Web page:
I suspect eventually we’ll be able to cast our votes online, by-passing the post office and eliminating the need for stamps (which many of us never use anymore) - but (obviously) measures must be made to prevent possible fraud in implementing that process.

james davisson

Feb. 19, 2013, 6:47 p.m.

Gosh, there’s a huge drawback to vote-by-mail. You can’t disenfranchise the voters you don’t want voting. That’s not going to work!

I have historically used absentee voting. This has solved obstacles for me. I am handicap adult and getting to the polls is not an option that can be resolved with out hardship on myself and an aid.

Voting by absentee need only require officials to follow strict guidelines (no guidelines mentioned in this article).

People must be responsible and I seem to recall there was a lot of folks who waited until the last possible time to cast a ballot.

Databases of dead people, felons, E-verify, DMV’s from all the States (I am sure more databases to be included) for proper verification. This would not be an insurmountable problem it requires the will by government. I seem to recall the federal gov’t refusing some State’s request for data. This was probabley due to two reasons 1) The Obama folks did not want to stop illegal voting or 2) Their databases were not maintained, I suspect the problem was both.

No, extending the voting window is not the answer.

Victoria Collier

Feb. 19, 2013, 7:07 p.m.

Anyone promoting vote-by-mail, Internet voting, or any other system that does not offer a secure chain of custody, needs to do their homework.

Chain of custody means that the ballots are secured from fraud and tampering from the moment they’re cast to the moment they are counted. None of these systems offer secure chain of custody, and for that reason are open to fraud and manipulation at many stages.

Mail-in voting is convenient, while entirely undermining the basis of democratic elections, and giving voters a false sense of security because fraud will be undetectable.

No one who casts a vote by mail has any idea where their ballot goes after they cast it.

Internet voting—which offers no security, NO physical ballot, and myriad opportunities for hacking, insider fraud, and error — is without question the worst and most undemocratic voting system imaginable, and it will continue to be successfully opposed by election integrity activists who actually understand the requirements of democracy: the ability of citizens to oversee and authenticate elections.

People may support these systems with the best of intention, thinking they will enfranchise more voters, but again, they MUST do their homework.

http://novbm.wordpress.com/

I have lived and voted in 6 different states, for the last 15 years, in Oregon. The vote by mail has always been great. Besides using our great USPS, you can return ballots for free in many conveniently located collection boxes. You can take your time (I used to feel rushed when filling out long ballots knowing there were lots of people waiting in line) and even use your voter’s guide or check out literature online while flling out your ballot at your convenience and take as long as you would like!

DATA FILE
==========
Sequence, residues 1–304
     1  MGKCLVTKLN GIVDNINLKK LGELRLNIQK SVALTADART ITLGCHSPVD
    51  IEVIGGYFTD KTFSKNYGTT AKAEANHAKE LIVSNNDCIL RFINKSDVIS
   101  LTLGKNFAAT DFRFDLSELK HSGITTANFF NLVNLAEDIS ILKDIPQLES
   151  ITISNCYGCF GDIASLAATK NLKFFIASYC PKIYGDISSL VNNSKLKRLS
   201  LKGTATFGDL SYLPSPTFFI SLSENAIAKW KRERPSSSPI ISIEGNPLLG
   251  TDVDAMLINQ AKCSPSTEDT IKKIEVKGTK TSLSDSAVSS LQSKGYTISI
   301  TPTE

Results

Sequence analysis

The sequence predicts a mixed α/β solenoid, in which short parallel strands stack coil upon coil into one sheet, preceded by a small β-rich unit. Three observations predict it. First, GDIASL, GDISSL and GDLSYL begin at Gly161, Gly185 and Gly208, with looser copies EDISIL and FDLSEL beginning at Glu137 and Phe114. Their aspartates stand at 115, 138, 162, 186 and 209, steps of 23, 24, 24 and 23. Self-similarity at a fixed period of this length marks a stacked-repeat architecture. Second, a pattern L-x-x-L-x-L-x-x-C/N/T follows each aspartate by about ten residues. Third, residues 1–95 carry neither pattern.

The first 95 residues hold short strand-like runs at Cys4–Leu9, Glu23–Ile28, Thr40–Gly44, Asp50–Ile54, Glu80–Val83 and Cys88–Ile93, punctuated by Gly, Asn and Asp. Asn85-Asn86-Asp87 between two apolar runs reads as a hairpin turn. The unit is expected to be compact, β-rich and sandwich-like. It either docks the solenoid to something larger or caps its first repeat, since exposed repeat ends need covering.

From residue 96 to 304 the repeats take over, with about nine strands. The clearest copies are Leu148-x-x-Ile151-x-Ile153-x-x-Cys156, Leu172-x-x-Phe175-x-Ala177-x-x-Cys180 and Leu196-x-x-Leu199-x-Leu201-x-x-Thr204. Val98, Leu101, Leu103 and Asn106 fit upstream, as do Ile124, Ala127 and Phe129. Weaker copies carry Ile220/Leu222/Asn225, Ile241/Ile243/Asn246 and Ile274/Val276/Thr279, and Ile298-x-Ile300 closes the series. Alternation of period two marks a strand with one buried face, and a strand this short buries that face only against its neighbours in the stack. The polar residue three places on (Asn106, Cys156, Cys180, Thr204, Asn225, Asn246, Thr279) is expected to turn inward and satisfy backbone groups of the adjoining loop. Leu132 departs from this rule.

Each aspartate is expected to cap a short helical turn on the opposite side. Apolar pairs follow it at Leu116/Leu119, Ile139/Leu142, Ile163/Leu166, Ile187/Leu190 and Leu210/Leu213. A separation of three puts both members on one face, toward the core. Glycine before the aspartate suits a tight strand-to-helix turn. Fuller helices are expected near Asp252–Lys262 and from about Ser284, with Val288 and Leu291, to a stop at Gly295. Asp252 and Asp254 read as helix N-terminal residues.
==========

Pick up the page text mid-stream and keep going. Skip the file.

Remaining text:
@pgillenw

A voter registration is the only “proper” verification that is needed, at least here in Oregon. The voter signs an outside security envelope and the sig is compared to those on file. The actual ballot is in another, non-identified envelope that is later opened to access and scan the ballot.

I found your assumption of voting fraud to be out of line and insulting. Conservatives have been on this snipe hunt for over a decade and came up with but a handful of cases. A man’s oath when signing the registration card has been sufficient proof for most of our history. There shouldn’t be any voter suppression gimmicks added to our systems to discourage voting.

Robert Getsla

Feb. 19, 2013, 9:58 p.m.

There are a number of possible problems with voting by mail, not the least of which is there are more opportunities for something to happen to your ballot before it is counted, if it is counted at all. 

I would prefer to hand my paper ballot to some real people who will then hand count it on the spot after the polls close.  There are many people in the world who vote today on hand counted paper ballots, including the Canadians. 

My concern is the “Black Box” effect that exists between my marking my ballot and the election results.  We have already seen many instances of ballots being wrongly counted by machines, or never counted at all because they were rejected for some obscure reason. There has been a well documented “Red Shift” of several percentage points between exit polls and the “official” election results.  Note this “Red Shift” has ALWAYS been in the direction favoring Republicans.  That is why I am very suspicious of what might happen to my ballot when it is out of sight and/or machine counted. 

Actual instances of “Voter fraud” turn out to be quite rare despite Republican noise to the contrary.  But Election Fraud is far more common, and if there are any “programmable” machines are in the system, very difficult to impossible to detect.  For more information see Brad Friedman’s BradBlog website, http://www.bradblog.com/, and Bev Harrris’s Black Box Voting website, http://www.blackboxvoting.org/ .

Dave Muckley, Many people have studied voter fraud issues and depends on whose study one is willing to buy. I kinda fall in the space where fraud exist in society in many, many areas then voter fraud surely happens. The stakes are to high for the two party’s.